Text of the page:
Here Dell’s boffins have made the very best use of the space available, and while the touchpad isn’t huge and the keyboard has a shrunk-down Enter key, the layout isn’t cramped and the action is light without feeling sloppy. I’ve been doing a fair bit of bona-fide work on the XPS 13 over the last five days and I haven’t found it much harder to work on than my usual 17-inch laptop. Considering this sample came with a US keyboard, that’s pretty impressive.
This one also comes with a touchscreen, and while this never feels entirely natural on a laptop, you soon get used to using it for certain Windows 10 activities, like prodding the Start button to call the Start menu or sweeping from the right to bring the Action Centre and Notifications in. There’s only one reason why you won’t want to do it; because you won’t want to get a single smudgy print upon the beautiful, high-resolution screen.
Infinity looks good
Buy the entry level XPS 13 with a full HD 1080p screen and it’s still a great laptop, not to mention more affordable. Yet the more premium XPS 13’s 3200 x 1800 resolution Infinity screen makes doing so almost impossible; it’s irresistible. Even up close it’s almost impossible to see individual pixels, while text looks spectacularly smooth. Colours are vibrant, blacks look deep and, erm, black, while there’s enough contrast for the screen to be usable when you’re sitting next to a window.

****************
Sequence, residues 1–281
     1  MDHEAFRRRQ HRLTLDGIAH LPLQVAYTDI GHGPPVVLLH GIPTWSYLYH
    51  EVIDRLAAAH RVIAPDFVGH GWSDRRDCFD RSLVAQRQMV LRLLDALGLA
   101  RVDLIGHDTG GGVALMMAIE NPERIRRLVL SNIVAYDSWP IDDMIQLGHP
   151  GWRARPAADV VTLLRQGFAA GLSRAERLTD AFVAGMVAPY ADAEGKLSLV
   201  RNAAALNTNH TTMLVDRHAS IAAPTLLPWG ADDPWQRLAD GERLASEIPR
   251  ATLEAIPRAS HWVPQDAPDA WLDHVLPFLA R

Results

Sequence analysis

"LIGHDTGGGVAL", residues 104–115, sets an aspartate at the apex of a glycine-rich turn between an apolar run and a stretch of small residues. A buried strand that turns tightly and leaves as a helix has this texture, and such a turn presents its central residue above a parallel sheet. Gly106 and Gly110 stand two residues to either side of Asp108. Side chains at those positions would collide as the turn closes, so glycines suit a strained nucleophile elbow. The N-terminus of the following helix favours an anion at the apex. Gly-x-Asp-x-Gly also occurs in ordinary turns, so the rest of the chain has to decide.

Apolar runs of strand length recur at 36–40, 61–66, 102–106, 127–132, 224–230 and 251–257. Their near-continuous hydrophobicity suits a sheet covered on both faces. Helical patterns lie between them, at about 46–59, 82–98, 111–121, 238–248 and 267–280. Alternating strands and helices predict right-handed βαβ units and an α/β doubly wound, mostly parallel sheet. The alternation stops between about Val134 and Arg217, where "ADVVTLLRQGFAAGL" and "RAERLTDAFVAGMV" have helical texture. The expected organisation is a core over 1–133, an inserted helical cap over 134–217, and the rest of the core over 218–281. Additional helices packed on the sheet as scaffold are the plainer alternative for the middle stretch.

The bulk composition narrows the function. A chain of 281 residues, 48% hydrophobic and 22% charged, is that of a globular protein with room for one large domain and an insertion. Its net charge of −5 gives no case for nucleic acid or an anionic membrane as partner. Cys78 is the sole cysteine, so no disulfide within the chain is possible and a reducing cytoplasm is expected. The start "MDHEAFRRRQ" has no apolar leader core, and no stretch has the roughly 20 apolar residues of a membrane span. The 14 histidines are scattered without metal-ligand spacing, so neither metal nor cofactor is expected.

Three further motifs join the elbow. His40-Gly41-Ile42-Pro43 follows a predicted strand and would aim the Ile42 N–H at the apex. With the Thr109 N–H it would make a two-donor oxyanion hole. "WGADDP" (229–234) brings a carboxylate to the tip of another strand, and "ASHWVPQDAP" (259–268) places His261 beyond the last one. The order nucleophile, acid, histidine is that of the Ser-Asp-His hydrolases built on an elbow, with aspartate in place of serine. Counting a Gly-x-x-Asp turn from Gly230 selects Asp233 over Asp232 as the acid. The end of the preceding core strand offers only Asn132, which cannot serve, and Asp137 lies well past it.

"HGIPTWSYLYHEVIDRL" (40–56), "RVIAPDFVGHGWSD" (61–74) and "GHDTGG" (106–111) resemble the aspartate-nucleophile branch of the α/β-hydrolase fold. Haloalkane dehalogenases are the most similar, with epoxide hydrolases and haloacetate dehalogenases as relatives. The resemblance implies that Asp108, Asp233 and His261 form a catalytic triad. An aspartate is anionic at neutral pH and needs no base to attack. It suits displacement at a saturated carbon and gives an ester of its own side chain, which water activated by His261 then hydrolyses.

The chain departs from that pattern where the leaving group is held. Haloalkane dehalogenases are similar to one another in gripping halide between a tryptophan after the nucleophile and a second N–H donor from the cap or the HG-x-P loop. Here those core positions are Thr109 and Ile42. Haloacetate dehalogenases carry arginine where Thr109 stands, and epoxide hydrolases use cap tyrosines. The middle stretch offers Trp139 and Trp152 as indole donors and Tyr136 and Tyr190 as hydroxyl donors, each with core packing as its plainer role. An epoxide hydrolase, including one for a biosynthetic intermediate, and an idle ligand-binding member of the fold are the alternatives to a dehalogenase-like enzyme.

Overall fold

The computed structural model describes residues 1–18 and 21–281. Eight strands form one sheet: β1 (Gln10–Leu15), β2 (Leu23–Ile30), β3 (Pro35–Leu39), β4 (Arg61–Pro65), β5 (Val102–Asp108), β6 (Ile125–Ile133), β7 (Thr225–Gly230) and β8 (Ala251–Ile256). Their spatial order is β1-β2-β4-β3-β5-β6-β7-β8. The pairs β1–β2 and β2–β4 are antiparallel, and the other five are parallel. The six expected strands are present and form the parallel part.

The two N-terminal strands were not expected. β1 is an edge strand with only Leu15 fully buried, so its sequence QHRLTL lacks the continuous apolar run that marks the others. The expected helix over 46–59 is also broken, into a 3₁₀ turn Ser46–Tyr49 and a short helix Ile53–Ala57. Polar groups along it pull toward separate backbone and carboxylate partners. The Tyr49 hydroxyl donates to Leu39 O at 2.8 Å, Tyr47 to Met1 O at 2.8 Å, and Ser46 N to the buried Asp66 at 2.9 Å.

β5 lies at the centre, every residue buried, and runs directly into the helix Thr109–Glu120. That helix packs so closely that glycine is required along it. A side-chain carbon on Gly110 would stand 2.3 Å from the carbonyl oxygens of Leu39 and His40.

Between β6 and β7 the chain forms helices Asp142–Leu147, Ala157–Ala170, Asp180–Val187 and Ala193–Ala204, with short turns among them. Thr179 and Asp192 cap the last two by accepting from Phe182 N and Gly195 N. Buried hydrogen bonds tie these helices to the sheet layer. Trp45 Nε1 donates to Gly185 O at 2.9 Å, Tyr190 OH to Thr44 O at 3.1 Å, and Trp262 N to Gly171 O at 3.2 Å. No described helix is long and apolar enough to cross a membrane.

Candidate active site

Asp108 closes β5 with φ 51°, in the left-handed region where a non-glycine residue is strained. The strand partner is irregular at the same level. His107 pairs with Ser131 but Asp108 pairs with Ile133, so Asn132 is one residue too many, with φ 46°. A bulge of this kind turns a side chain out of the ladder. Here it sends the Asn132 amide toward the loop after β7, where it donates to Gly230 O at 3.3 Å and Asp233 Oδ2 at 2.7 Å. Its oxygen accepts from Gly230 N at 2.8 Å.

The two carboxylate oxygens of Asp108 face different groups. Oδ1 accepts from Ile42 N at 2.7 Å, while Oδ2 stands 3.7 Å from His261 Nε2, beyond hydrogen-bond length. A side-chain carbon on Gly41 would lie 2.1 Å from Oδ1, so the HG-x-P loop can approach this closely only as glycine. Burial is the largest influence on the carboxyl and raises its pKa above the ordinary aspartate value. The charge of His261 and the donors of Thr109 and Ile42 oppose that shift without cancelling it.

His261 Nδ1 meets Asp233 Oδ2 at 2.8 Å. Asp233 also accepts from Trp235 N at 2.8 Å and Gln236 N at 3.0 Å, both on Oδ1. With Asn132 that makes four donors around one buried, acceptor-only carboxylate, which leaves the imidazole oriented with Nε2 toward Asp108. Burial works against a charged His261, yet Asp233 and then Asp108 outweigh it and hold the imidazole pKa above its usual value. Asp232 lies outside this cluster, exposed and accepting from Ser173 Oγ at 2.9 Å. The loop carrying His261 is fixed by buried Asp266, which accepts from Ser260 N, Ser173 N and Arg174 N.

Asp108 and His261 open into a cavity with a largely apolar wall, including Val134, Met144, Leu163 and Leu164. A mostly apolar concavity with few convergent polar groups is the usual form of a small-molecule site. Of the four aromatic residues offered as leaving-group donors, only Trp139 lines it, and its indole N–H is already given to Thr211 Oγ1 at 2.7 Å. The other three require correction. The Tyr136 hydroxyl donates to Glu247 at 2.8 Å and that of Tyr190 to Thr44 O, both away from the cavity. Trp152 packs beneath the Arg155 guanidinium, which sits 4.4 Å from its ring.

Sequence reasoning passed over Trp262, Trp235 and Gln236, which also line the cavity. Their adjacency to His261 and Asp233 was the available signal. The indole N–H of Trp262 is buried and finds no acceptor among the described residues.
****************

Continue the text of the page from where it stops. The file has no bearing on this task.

It’s a fantastic display for watching streaming, full HD video, and an even better one for gorging on 4K videos from YouTube. In short, it’s one of the most impressive laptop screens around.
We weren’t knocked out by the sound on the earlier XPS 13, but this model is an improvement. It still isn’t the richest or deepest output, but given the dimensions Dell’s audio engineers have had to work with it’s not bad at all. Sure, drums have that not-so-classic banging on a biscuit tin sound while it all gets harsh and congested at high volumes, but you can keep Spotify streaming quietly or watch your favourite Netflix shows quite happily without having to plug a pair of headphones in.
The Next Generation
The biggest difference between this XPS 13 and the earlier version is that it uses Intel’s new 6th-generation Skylake processors. Being the premium model, ours came with a Core i7 6500U running at a maximum of 3.1GHz plus 8GB of fast DDR3 RAM. Unlike the desktop Core i7s and some mobile versions this isn’t a proper quad-core processor but a dual-core that can pretend to be a quad-core through the magic of Intel’s hyperthreading. If so, it’s still pretty damn fast.